# Why can't light penetrate solid objects?

Light is combination of perpendicular electric and magnetic fields, since electric fields penetrate a conductor, why can't light travel in them? I think my argument does sound stupid, but I can't find the flaw in it. What do you think can be the reason?

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An overview in layman's terms:

First, it is important to note that not any electric field will induce current in a conductor, because other than the fact the intensity of the field defines the speed of each charge (bigger difference of potential), the oscillation frequency of the $\mathbf{E}$ also plays a very important role, if the frequency is too high, the free electrons in the conductor will not even notice the field, so you shouldn't assume that any electric field will give rise to a current.

Second point attenuation: let's discuss what causes the EM radiation to die out when it tries to penetrate matter (solids e.g.):

EM radiation interacts with matter via a number of different phenomena, in this diagram some of the are summarized:

On left we have the initial intensity $I_0$ and photon-energy $h\nu$ of the radiation assumed here to be monochromatic, and on the right side, i.e. the part that has been transmitted (or penetrated through matter if you will), where from Beer-Lambert's law we know its intensity decays exponentially with the material's absorption coefficient and thickness. Intuitively:

• The thicker the material, the more disturbance felt by the radiation, because all the phenomena (scatterings, absorption, etc) shown in the diagram become more likely as each photon meets so many atoms/electrons along its path that at one point or another it will be absorbed or scattered.

• Materials with high absorption coefficients have great cross-sections for all the possible radiation-matter interactions (high probabilities.)

All this said, we come back to the frequency of the radiation, e.g. Gamma radiation , as can be produced from radioactive materials (gamma decay), does not easily interact with matter because of its highly energetic photons, which is why in nuclear reactors, there are always gamma rays that escape the facilities, no matter how many layers of thick walls have been placed. This is why the study of spectrum of EM radiation is so important, because knowing the spectrum we can predict with what types of materials it will best interact. A diagram taken from wikipedia:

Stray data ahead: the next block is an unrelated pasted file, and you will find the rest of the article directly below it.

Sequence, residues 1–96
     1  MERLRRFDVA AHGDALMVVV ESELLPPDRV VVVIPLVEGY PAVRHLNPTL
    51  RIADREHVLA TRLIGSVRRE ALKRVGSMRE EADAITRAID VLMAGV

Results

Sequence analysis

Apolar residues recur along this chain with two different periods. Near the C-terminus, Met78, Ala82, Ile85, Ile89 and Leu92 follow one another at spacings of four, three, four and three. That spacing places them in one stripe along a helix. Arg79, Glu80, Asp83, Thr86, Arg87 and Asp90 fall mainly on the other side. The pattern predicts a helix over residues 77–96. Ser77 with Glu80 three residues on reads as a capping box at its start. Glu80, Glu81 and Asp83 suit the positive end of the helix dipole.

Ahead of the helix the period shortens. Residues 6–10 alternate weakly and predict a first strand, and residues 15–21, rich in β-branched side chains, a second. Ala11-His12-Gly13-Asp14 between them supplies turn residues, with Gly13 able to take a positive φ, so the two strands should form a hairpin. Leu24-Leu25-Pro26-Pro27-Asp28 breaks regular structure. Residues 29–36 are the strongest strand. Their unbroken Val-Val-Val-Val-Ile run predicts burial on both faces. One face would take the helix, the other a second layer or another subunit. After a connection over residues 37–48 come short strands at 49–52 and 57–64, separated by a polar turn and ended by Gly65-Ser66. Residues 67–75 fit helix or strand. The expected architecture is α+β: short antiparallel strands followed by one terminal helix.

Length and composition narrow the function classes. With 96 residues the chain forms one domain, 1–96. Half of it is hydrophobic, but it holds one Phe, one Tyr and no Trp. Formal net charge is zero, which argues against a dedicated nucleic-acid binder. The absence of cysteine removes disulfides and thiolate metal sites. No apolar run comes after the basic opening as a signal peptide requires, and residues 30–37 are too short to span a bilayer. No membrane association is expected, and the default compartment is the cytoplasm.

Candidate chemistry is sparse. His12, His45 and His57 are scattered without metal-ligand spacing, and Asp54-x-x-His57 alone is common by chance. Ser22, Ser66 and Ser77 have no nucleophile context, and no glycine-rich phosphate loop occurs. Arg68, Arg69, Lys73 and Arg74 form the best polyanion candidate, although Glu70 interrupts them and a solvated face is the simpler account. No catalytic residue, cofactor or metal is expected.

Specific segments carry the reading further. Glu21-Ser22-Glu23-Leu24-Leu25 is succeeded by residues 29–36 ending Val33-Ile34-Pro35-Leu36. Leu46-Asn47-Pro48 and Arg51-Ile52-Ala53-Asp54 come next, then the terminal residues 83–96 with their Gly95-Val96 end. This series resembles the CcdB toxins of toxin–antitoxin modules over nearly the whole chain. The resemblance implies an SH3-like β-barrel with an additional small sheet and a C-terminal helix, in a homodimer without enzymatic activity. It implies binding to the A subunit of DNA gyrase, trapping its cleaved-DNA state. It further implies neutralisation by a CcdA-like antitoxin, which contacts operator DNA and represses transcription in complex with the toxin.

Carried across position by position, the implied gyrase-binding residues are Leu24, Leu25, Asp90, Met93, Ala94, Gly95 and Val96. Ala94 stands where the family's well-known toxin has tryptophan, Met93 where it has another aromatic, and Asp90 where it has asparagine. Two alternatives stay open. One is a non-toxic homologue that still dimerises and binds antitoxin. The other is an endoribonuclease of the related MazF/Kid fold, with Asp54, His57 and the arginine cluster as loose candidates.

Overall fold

Long story short, there are frequencies of EM radiation that do penetrate matter, others than don't, must have fulfilled one the interaction conditions, e.g. if they match exactly the binding energy of an electron, they're absorbed and a photoelectron is created.

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The reasoning has to be the other way around:

Light acts on the metal and makes the electrons move. This, however, results in an energy loss, as the electrons feel a resistance and thus the radiation loses energy. This can be formulated more precisely with counteracting electric fields. That's why all good conductors are opaque.

In insulators this can not happen, as the electrons are mostly fixed at their positions so the electric field in light interacts much less with insulators. That's why some insulators are see-through (as for example glass).

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Should isolators be insulators here? (isolator is the Swedish for insulator) (I didn't want to edit your answer too much in case I made it incorrect) – Qubei Aug 7 '14 at 9:26
oh, you are right, thank you! – Hagadol Aug 7 '14 at 9:30
I heard that if you compress aluminum (or aluminium) enough it turns transparent. – ja72 Aug 7 '14 at 12:31
@ja72 Star Trek windows? – Jim Aug 7 '14 at 17:26

There is a good explanation of this in Matter and Interactions vol II by Sherwood and Chabay. I no longer have the text; I will try to summarize its explanation as I remember it.

The electrons in a substance are analogous to charged masses on springs. The electrons in insulators are relatively tightly bound; those in conductors are loosely bound or unbound. Shining light on a substance is like driving a damped harmonic oscillator at a particular (off-resonant) frequency. The charges respond by oscillating at that frequency, but their response is out of phase with the driving frequency. The field produced by the oscillating charges destructively interferes with the original light wave.

So if you block a beam of light with a piece of cardboard, the beam is still making oscillating electric and magnetic fields behind the cardboard, but the charges in the cardboard are shaking in precisely the right way to make fields that cancel them.

Here is a link to a college lecture where this is discussed.

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WOW! This is an interesting viewpoint. Thanks! – Saurabh Raje Aug 17 '14 at 16:41